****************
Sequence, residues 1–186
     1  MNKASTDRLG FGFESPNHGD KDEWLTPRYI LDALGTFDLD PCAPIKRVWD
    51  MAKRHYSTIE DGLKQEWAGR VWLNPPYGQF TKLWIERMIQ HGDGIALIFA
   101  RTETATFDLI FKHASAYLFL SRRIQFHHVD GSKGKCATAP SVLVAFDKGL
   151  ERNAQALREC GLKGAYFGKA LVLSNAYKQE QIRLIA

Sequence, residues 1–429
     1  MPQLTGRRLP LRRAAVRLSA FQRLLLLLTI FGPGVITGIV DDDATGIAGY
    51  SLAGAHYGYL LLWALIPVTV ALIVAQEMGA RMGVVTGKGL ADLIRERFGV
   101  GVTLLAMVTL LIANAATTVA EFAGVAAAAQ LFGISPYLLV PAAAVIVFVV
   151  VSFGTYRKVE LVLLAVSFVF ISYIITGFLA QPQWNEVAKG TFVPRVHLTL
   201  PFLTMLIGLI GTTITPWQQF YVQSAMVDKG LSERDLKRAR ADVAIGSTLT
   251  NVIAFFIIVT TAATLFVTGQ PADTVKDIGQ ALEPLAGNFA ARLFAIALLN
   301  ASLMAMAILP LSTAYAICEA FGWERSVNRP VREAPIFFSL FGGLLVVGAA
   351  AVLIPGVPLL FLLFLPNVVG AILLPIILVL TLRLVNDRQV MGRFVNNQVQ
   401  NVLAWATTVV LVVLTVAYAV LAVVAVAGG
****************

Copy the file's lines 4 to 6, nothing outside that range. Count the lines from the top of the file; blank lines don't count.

   101  RTETATFDLI FKHASAYLFL SRRIQFHHVD GSKGKCATAP SVLVAFDKGL
   151  ERNAQALREC GLKGAYFGKA LVLSNAYKQE QIRLIA

Sequence, residues 1–429